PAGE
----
Grief

The Day I Told My Mother I Was Sexually Abused

The Day I Told My Mother I Was Sexually Abused www.herviewfromhome.com
Written by Amy Oestreicher

Why is it that in the darkest of times, we look for the brightest of things?

(Literally)

I’m asking because I’m not sure myself- yet that is exactly what I did on the beach, alone with my mother in the April of my senior year of high school.

 

The day I told my mother I was sexually abused.

It was April 2005.  My voice teacher, who was my trusted mentor and also godfather for two years, had been molesting me for months, and I had “froze in numbness” to block out that devastating loss in my life.

After months of keeping this secret inside, I could no longer take it.  I told my mother that I needed to take walks with her every day to “heal” – although I could not say what from.

Then one day…well, the moment was so powerful, that I wrote a scene about it, and later incorporated it into Imprints, my full length drama based on my story, as well as one of my brother’s journals for the first 72 days I was in a coma.

Imprints is a play that covers the overwhelm I felt piecing together fragments of trauma once I awoke.  The play goes in and out of past and present – just like my thoughts did as I was trying to recall what had happened just before a coma changed my world forever…and two weeks after this very moment…

The moment I first told someone I was abused was a memory I shared with my best friend: I told my mother.   The exchange is best put in her words.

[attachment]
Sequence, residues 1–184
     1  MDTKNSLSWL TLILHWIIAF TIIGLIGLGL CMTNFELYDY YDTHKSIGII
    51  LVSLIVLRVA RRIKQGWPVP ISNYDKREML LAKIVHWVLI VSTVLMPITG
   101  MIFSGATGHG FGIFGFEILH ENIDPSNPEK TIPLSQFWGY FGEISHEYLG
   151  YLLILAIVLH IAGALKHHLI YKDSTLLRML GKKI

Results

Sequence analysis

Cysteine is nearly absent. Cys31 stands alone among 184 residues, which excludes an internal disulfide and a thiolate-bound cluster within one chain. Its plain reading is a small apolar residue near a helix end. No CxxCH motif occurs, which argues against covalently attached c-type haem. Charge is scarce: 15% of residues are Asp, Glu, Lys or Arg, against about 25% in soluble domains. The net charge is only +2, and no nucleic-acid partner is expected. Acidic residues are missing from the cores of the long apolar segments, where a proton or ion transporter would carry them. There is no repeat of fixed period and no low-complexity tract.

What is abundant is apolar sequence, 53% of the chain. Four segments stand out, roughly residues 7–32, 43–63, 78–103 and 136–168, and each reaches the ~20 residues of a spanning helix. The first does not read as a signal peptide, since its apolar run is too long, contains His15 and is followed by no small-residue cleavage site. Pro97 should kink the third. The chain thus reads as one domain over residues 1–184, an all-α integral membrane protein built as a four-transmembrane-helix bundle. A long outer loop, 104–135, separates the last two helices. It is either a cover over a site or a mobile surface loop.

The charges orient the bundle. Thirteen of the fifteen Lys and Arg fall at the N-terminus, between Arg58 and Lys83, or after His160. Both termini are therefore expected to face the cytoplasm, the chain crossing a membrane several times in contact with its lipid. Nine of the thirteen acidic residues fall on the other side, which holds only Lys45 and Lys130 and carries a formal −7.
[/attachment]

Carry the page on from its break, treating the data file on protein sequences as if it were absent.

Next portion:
It’s never easy to speak about difficult memories.  That is why I spent months tormented with anxiety as I felt my throat constrict and my jaw tense every time I tried to speak the words I was petrified of hearing for myself. 

As traumatized as I was by my abuse, my mother was traumatized as well.  Trauma tends to have a ripple effect, leaving marks on survivors and those who love and care about them. 

So as difficult for me as it was to put my own abuse in words, it took years for my mother to put her earth-shattering moment into words as well:

“Amy and I were walking on the beach in Fairfield, CT.  She had taken a month off from school, and I promised that although I didn’t know what she needed to heal from, I would be at her side and help her through.  She was so different at this point than she ever was before, her personality was sullen, she was anxious, losing weight, not focused, in turmoil.  

WE had JUST gotten back from Kripalu where we did a mother daughter retreat, journey dancing, and Amy has always been such a beautiful soulful dancer- but in one of those dance exercises she went into the middle of our circle surrounded by me and many other women.  A woman touched me on the arm, and looking into my eyes, said, “look, your daughter is dancing a dance of such deep pain, you have to find out what the source of her anguish is about.”  I will never forget this woman’s voice and how it jolted me into reality.

We were walking on the beach in Fairfield, and suddenly I looked into her eyes, and asked for some unknown, reason from the deepest part of my soul,” Has B, her mentor, voice teacher, acting teacher and now “godfather” ever touched you?  

She began speaking, it was as if a plug was pulled out of a dam’s wall, and she said, Yes, and began to describe what he did – and I went into complete shock and craziness. I started to scream, No NO, how could he, I trusted him with my precious child, he was a son of a bitch, etc. etc. etc.  I couldn’t stop raging, until my intuitive daughter screamed- “Stop, now tell me one thing good, because I can’t witness all this negativity right now,” and she insisted I find something positive to say.